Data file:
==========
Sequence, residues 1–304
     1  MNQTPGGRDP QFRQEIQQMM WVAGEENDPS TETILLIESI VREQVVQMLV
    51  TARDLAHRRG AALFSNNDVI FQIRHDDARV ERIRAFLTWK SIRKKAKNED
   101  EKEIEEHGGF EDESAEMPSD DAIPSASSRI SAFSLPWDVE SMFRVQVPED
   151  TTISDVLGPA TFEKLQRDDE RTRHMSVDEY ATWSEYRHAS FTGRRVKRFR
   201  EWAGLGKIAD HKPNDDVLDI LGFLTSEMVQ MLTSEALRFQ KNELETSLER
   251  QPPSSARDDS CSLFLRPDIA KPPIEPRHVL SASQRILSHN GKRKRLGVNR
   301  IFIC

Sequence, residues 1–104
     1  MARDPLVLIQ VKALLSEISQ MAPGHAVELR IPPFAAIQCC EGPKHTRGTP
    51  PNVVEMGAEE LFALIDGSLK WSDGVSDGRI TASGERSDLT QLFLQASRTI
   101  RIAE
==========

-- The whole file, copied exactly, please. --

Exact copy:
Sequence, residues 1–304
     1  MNQTPGGRDP QFRQEIQQMM WVAGEENDPS TETILLIESI VREQVVQMLV
    51  TARDLAHRRG AALFSNNDVI FQIRHDDARV ERIRAFLTWK SIRKKAKNED
   101  EKEIEEHGGF EDESAEMPSD DAIPSASSRI SAFSLPWDVE SMFRVQVPED
   151  TTISDVLGPA TFEKLQRDDE RTRHMSVDEY ATWSEYRHAS FTGRRVKRFR
   201  EWAGLGKIAD HKPNDDVLDI LGFLTSEMVQ MLTSEALRFQ KNELETSLER
   251  QPPSSARDDS CSLFLRPDIA KPPIEPRHVL SASQRILSHN GKRKRLGVNR
   301  IFIC

Sequence, residues 1–104
     1  MARDPLVLIQ VKALLSEISQ MAPGHAVELR IPPFAAIQCC EGPKHTRGTP
    51  PNVVEMGAEE LFALIDGSLK WSDGVSDGRI TASGERSDLT QLFLQASRTI
   101  RIAE